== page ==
2 August 2000

Newspoetry Conspiracy Theory

I had to solve the mystery.

The next day I went to the Newspaper library. After hours of research I found an article about a start-up called "On the Job Consulting" in an old issue of the Octopus. I wondered whether this was the computer company that hired only artists that I had heard mention of in the Daily Illini. I had read about it in an article that had something to do with a secret school... And back then a little sentence caught my eye about someone named "William Gillespie." I wondered whether he had some connection with "Newspoetry" or the "School for Designing a Society." I decided to keep looking. Finally, after 18 hours of scrolling through microfiche, I found an article about the School for Designing a Society in the News-Gazette. And this article mentioned that Newspoetry was a project of the School!

I was astonished to discover that Newspoetry was, in fact, all along, a project initiated by the School for Designing Society. This suggested that the matter went deeper than I thought. You see, as I continued my investigative work, I discovered through a private interview with an anonymous database programmer that On the Job Consulting had designs upon Newspoetry, considering it to be the key to their corporate mission, and was poised waiting for Newspoetry to go public with its IPO... But what did the Performers Workshop Ensemble have to do with anything? Would Herbert Brün (who, as far I could tell, called the shots for these people) want anything to do with the poems of Futrelle, and this "William Gillespie"? And I had also heard mention, from an unreliable source, of something called the "Gesundheit Institute."

Curious, I eventually found out the phone number of the reporter who had written the Gazette article and called her at home.

First, I tried to pry her for information over the phone about the Schneretz Institute's hostile takeover of Newspoetry dot com, but she claimed complete ignorance. Such ignorance could only be concealing true facts, but, for the time being, I played along. Finally she suggested that we meet in person, as there were certain things she did not feel at liberty to discuss on an insecure telephone line.

This was promising.

That evening, I took a bottle of wine and a notebook to the address she had given me: a house on California avenue I had never noticed before. I had never noticed it because it was completely surrounded by dense trees. Between the trees and the house was a run in which a restless doberman paced.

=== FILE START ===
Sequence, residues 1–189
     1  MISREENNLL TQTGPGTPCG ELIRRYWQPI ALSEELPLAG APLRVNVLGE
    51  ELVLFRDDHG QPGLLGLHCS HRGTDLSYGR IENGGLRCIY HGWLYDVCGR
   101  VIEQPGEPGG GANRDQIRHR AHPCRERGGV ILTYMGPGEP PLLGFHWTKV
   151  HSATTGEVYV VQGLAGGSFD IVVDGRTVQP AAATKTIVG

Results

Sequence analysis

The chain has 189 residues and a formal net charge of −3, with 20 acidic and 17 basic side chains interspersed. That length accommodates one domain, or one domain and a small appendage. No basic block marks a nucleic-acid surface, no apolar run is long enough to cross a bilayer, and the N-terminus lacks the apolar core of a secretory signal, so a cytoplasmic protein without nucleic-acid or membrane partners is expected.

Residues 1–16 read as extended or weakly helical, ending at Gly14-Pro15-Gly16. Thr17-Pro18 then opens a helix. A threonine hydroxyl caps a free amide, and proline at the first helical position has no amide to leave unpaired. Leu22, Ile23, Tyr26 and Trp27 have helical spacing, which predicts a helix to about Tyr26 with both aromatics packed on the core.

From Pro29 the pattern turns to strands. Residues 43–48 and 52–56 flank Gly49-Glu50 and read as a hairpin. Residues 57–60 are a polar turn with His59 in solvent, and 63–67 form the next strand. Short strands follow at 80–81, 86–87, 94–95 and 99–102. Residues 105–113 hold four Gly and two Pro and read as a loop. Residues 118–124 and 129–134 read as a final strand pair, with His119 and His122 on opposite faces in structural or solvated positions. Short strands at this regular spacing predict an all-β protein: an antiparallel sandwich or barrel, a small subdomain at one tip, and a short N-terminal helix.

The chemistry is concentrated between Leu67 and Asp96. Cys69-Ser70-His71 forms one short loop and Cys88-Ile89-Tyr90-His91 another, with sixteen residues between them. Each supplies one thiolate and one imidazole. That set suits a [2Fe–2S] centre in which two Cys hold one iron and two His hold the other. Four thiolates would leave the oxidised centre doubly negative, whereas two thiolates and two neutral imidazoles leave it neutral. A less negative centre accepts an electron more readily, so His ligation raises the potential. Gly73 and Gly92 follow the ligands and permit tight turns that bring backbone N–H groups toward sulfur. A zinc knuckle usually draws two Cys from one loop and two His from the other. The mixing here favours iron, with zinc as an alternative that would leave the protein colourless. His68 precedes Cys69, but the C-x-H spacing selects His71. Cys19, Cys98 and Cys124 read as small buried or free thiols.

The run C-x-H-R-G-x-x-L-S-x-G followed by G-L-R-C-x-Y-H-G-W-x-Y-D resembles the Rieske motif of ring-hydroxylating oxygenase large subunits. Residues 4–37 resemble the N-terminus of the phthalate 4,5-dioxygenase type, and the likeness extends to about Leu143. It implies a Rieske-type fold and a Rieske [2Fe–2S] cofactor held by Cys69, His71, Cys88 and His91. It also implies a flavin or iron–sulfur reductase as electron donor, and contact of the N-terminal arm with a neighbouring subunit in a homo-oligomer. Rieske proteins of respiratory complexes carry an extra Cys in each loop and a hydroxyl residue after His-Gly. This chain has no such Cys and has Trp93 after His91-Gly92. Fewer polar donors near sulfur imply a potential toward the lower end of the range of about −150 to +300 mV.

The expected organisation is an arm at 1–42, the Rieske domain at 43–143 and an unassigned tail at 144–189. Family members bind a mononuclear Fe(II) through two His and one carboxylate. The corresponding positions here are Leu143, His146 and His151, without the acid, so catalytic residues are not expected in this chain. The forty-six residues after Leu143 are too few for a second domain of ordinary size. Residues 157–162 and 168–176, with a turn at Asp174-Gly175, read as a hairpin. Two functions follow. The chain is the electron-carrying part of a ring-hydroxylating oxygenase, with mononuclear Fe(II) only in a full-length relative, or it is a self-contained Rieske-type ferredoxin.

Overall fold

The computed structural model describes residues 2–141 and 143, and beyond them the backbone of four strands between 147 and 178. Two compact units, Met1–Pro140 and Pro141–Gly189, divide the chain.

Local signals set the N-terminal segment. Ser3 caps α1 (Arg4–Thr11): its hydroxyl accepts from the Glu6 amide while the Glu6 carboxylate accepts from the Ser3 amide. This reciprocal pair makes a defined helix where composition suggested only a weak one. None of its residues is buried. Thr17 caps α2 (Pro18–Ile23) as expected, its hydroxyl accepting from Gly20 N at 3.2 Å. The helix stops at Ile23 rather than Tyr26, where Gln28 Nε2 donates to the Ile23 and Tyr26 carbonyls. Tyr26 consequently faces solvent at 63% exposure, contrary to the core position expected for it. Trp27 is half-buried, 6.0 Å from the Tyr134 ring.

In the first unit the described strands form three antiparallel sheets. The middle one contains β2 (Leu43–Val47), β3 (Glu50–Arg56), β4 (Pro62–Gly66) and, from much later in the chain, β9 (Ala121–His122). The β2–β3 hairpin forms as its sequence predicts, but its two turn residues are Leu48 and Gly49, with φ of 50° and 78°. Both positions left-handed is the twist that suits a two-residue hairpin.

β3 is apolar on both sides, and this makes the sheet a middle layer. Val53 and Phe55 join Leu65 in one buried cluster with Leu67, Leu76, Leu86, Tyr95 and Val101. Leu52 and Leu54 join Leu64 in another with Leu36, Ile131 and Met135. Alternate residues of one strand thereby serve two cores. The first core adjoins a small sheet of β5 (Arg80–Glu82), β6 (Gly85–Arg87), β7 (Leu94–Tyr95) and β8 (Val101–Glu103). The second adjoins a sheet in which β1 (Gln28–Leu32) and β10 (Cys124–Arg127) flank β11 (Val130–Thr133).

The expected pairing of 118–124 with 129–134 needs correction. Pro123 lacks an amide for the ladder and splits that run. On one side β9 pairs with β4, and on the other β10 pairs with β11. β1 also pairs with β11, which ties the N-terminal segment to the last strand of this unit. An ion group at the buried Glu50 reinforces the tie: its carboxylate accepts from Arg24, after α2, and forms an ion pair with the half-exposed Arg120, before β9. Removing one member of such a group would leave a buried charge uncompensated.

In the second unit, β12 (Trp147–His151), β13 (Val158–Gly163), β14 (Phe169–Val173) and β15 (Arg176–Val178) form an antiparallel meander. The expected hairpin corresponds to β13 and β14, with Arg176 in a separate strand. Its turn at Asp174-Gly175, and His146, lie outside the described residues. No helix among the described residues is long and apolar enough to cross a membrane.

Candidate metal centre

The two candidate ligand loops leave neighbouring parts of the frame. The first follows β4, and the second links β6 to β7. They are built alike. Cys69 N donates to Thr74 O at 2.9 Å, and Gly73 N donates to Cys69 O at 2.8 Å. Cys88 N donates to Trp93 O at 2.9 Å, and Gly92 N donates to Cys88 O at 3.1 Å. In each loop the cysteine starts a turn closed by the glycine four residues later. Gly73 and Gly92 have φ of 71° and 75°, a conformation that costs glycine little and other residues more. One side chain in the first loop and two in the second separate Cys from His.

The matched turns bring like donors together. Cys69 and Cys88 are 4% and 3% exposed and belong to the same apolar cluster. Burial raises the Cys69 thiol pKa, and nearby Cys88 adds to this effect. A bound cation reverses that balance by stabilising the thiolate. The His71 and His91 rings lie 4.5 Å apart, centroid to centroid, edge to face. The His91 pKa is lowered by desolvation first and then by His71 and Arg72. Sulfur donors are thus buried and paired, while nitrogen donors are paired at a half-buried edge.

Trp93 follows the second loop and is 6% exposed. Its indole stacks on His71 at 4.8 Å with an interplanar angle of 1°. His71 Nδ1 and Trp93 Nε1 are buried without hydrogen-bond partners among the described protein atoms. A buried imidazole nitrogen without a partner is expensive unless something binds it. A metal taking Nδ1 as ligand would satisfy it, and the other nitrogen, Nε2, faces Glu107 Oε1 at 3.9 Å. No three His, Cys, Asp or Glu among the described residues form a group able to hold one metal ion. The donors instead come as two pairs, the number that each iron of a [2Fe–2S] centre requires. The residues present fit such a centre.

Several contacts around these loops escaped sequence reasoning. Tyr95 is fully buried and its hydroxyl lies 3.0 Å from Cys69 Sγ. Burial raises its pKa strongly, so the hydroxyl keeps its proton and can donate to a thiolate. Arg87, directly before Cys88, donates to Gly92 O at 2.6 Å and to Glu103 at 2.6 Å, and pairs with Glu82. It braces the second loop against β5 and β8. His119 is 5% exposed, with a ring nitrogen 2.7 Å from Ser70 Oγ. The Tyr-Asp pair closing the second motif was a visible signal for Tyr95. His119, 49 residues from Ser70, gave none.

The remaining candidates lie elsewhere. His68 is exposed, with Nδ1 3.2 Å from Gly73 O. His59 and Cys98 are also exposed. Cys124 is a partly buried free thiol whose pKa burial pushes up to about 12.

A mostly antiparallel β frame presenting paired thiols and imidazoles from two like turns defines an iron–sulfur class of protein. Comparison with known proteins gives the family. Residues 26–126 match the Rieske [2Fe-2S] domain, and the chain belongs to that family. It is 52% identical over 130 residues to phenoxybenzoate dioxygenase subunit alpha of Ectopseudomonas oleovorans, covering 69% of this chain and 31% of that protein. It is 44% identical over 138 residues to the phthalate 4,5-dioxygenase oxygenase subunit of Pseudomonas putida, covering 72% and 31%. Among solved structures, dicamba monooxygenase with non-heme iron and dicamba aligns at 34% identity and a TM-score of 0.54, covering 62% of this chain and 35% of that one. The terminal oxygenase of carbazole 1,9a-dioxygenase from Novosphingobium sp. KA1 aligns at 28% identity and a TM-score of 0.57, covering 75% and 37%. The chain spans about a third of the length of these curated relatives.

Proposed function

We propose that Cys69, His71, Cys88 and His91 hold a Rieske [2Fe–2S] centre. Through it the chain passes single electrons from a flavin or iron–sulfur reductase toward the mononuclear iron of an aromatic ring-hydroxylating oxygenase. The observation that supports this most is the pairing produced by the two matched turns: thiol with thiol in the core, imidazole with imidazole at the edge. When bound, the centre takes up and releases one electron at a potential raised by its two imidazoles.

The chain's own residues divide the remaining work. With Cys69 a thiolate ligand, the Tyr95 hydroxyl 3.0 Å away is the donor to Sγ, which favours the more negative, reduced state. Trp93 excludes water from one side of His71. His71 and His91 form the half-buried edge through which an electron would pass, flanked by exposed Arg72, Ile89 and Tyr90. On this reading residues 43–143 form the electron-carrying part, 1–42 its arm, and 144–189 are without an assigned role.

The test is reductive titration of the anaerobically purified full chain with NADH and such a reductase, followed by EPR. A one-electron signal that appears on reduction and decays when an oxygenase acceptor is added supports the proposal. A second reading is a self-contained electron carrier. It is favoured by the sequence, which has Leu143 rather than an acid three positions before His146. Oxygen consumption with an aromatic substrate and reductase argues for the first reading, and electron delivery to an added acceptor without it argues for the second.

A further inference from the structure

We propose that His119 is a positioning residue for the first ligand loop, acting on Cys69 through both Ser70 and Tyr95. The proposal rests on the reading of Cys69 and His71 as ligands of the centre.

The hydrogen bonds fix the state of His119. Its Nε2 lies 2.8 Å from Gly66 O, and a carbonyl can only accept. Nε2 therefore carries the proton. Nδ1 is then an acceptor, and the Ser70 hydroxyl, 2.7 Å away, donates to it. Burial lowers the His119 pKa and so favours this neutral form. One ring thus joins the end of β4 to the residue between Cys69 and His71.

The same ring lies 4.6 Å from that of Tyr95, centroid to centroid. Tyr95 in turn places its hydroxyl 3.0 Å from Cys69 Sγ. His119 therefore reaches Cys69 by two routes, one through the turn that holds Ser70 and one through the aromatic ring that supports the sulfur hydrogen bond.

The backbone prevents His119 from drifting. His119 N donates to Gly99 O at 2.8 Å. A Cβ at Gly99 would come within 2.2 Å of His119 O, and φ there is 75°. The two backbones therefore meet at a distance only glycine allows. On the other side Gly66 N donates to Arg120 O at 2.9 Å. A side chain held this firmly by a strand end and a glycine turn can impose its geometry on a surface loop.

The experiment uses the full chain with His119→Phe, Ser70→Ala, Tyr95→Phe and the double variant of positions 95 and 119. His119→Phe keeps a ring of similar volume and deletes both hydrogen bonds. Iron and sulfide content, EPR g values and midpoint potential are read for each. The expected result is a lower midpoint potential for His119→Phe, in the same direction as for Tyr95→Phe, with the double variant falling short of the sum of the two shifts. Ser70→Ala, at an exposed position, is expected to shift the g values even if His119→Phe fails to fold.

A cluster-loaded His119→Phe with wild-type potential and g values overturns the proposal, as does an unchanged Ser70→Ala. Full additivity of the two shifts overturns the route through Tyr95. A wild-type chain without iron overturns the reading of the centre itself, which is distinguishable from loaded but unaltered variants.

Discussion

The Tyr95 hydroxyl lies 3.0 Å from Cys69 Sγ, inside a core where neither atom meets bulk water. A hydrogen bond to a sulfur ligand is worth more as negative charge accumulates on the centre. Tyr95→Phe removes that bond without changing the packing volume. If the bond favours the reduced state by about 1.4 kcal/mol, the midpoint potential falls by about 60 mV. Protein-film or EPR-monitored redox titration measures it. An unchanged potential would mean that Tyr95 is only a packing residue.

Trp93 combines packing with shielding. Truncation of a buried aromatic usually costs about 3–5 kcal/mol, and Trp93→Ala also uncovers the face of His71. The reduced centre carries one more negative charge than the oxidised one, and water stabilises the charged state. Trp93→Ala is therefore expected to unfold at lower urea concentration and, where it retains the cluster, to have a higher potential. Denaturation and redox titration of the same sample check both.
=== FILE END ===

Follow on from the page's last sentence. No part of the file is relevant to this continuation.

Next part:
I finally found the back door and knocked. When the reporter cracked the door she asked me if I was alone.

Finally, she let me in. She would not touch the wine I brought, and instead took an open bottle of her own from the refrigerator, poured herself a glass, and insisted I drink her wine as well. As the wine she proffered did not appear to an exceptional vintage, I was confused by her gesture, and instead drank my own.

For awhile, I consciously tried to lead her in aimless chatter. We discussed film... or, should I say, the movies. Like whether it was worth transacting with Amazon.Uk in order to obtain the uncensored DVD of Eyes Wide Shut, or how we shared a stern disregard for Tom Cruise, or which was Tim Robbins' worst role during the period in which he was struggling to pay off  Cradle Will Rock, which we agreed was arguably the best American film.

Then I changed the subject to the row of portraits above her mantle. She abruptly seemed to grow withdrawn.

"So, tell me about yourself" she said eagerly, as if out of desperation.

"Well," I stalled, "I'm actually a graduate student in Rhetoric here at the university," I lied, "doing a dissertation on electronic literature, and..." And, to my astonishment, as I glanced up at the portraits, the one closest to me was a framed oilpainting of Futrelle himself, looking somewhat sinister, in a suit, wearing an eyepatch, talking angrily on a black rotary telephone. In the play of light from the row of candles in what I realized was a sort of shrine, I could barely not make out the signature of the artist.

The next portrait over, I realized, was of a hallowed, gaunt face with a cloud of unruly hair: Gillespie. Only his face appeared to have a slash of red paint across it in the manner of a no smoking sign. I must have appeared visibly shocked because I heard the reporter stop breathing. Gillespie had disappeared from the Newspoetry scene a number of  weeks before, seemingly vanishing without a trace, and I had dimly suspected foul play. As I stared at the portrait, my eyes widened as I notices that the red paint was still wet!

And then she asked "Have you ever heard of Spineless Books?" I gasped, because I had not. How many overlapping identities and false trails would I have to stumble through before I made some sense of this mess? At that point, I carefully considered fleeing in terror. But, the doberman...

And  who  were  the "United Mime Workers"?